LEBANON: International NGO Collaborates with Lebanese Groups to Advance Women's Rights

Wednesday, February 17, 2010
Western Asia
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Fresh data on the status of women in Lebanon will be made public at conference.

The second phase of an innovative project to propel the efforts of local nonprofits working to improve the standing of women in the Middle East and North Africa region will be launched in Beirut, Lebanon today.

The Status of Women in the Middle East and North Africa (SWMENA) project acquires scientific survey data to accurately identify and properly address the areas of greatest need for women in the MENA region. The second stage of this endeavor is to deliver the data to local nonprofit advocacy groups or individuals and train them to use the information to better advance their goals. Lebanon is the first country for which this data is available. The survey findings will be made public on February 18, at the end of the two-day conference during which local Lebanese groups will receive training.

"We are very excited to begin this second phase of the program. Accumulating the data was empowering because it allows us to see very clearly the areas where women in the region lacked equality or support. Now we can begin training nonprofits to address and improve those areas of need," says Rola Abdul-Latif, research officer at the International Foundation for Electoral Systems (IFES).

The SWMENA project was initiated in March 2008 as a collaborative effort between the Middle East and North Africa division and the Applied Research Center (ARC) at IFES, the world's premiere election assistance and democracy promotion NGO. IFES is also collaborating with the Institute for Women's Policy Research to create the survey instrument and subsequently analyze the data. The main goal is to work with local stakeholders and encourage them to use solid data in their advocacy efforts in order to bring more credibility to their demands, become more effective at advocating with policymakers and through the media, and build their own local data collection and analysis capacity.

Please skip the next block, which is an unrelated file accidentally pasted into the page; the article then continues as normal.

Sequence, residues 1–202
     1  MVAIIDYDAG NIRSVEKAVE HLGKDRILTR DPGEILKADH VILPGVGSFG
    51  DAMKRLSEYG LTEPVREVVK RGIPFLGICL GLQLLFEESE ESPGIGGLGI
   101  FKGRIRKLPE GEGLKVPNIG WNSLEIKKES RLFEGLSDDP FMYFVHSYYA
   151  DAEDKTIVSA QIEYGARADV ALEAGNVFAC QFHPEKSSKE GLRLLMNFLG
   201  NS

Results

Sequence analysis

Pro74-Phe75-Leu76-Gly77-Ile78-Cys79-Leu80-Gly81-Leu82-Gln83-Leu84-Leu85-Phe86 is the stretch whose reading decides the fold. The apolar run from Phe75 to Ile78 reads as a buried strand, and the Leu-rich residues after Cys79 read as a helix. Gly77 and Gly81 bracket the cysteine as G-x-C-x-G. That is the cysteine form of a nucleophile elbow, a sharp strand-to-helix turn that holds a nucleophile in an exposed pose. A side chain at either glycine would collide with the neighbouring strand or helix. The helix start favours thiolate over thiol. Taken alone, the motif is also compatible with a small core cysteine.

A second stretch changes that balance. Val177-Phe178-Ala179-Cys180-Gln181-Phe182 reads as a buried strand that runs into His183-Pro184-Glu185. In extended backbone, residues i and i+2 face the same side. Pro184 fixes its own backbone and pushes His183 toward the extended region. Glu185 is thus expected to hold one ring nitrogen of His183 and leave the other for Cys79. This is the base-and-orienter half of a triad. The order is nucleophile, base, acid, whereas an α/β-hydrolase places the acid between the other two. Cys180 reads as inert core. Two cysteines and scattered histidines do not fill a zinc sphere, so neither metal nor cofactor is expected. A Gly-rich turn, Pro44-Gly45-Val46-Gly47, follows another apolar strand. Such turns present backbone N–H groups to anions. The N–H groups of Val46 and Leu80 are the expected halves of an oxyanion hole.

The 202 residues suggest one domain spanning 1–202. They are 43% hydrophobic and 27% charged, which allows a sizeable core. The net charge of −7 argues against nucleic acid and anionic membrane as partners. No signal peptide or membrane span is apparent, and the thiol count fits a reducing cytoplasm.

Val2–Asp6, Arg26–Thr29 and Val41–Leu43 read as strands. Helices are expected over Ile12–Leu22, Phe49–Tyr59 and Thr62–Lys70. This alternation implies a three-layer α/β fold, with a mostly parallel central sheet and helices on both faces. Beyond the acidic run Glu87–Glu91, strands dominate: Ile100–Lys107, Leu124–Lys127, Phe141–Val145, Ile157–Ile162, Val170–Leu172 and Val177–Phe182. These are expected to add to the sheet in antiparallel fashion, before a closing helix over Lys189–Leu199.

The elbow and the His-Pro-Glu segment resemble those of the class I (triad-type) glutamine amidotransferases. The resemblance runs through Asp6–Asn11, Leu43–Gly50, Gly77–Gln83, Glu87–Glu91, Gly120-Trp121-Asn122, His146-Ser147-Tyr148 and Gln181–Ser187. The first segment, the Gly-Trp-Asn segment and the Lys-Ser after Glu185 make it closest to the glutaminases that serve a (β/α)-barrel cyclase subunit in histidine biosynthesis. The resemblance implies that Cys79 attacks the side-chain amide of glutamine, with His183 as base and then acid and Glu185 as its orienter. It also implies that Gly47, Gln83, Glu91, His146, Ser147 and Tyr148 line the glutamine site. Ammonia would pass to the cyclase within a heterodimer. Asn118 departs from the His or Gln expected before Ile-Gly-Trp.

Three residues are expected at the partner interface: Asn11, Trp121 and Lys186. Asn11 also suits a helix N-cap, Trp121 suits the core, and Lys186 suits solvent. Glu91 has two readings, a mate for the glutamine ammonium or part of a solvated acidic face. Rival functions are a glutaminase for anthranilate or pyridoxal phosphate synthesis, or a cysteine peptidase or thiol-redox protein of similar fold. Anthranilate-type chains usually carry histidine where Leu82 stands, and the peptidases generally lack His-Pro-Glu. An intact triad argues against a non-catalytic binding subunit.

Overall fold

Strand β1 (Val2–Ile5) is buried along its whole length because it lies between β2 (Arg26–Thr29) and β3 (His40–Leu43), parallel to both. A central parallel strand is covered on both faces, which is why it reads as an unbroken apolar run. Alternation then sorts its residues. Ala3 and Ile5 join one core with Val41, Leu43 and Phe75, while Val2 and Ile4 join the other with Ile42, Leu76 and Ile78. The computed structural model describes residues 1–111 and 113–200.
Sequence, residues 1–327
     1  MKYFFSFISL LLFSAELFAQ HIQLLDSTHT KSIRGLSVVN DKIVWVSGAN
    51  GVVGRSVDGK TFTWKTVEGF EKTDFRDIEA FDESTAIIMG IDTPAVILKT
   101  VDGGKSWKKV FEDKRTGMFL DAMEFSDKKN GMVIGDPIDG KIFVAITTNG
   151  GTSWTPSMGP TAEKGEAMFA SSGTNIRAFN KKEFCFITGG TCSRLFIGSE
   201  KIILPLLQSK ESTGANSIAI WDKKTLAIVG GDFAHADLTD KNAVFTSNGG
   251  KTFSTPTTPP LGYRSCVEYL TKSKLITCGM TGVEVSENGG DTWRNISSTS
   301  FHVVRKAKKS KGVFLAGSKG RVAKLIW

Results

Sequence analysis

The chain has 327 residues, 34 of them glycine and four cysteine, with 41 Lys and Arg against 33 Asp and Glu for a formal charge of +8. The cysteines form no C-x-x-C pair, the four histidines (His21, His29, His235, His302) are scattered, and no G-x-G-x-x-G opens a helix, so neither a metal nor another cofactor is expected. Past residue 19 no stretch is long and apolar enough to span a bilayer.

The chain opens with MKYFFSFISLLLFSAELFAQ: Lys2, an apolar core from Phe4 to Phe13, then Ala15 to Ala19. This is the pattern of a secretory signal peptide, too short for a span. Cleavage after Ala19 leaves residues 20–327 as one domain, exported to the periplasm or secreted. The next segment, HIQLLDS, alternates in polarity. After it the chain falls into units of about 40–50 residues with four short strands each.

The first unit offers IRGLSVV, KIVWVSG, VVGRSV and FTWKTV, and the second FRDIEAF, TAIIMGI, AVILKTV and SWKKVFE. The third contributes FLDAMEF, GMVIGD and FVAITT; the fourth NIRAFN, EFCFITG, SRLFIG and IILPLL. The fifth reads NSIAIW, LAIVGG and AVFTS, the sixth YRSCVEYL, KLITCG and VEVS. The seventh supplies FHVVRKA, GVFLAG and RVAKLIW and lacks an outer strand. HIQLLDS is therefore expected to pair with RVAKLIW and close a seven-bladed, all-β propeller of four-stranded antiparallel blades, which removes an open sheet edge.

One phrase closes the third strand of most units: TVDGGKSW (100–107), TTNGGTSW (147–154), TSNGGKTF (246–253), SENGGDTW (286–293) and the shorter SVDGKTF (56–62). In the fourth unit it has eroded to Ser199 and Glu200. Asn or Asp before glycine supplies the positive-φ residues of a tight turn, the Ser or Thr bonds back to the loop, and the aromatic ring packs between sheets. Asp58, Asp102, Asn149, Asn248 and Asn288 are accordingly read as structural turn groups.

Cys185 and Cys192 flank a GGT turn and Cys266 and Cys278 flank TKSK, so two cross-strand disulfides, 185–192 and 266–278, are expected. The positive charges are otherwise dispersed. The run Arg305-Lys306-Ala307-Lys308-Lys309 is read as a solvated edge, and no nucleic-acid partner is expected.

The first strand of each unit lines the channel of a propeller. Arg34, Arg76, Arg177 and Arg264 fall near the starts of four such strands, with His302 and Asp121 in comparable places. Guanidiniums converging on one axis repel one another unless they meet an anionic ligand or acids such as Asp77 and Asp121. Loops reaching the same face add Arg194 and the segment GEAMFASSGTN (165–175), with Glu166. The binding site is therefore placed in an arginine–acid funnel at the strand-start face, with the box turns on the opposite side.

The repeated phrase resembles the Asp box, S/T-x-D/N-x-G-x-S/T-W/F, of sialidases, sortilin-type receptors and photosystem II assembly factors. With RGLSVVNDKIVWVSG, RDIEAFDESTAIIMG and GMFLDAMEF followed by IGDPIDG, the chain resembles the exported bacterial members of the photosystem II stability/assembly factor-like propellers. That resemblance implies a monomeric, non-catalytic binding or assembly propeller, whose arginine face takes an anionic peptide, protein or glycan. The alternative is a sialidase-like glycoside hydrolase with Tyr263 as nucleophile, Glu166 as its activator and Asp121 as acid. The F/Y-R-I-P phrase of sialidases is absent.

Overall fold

SWMENA is currently collecting data in three countries -- Lebanon, Morocco, and Yemen -- but the project's overarching goal is to improve the status of women in the broader MENA region by strengthening local NGO capacity to effectively advocate on behalf of women in these countries.

Preliminary findings from the Lebanon SWMENA survey have provided much insight, including how much support exists for the introduction of gender quotas in parliament, the rate of female political participation, the introduction of an optional civil marriage law in Lebanon, and reform of laws governing marriage and family, among other things. The survey has also collected new data in other key areas including women's economic participation, social autonomy, and access to healthcare.

The conference in Beirut will be attended by more than two dozen local entities.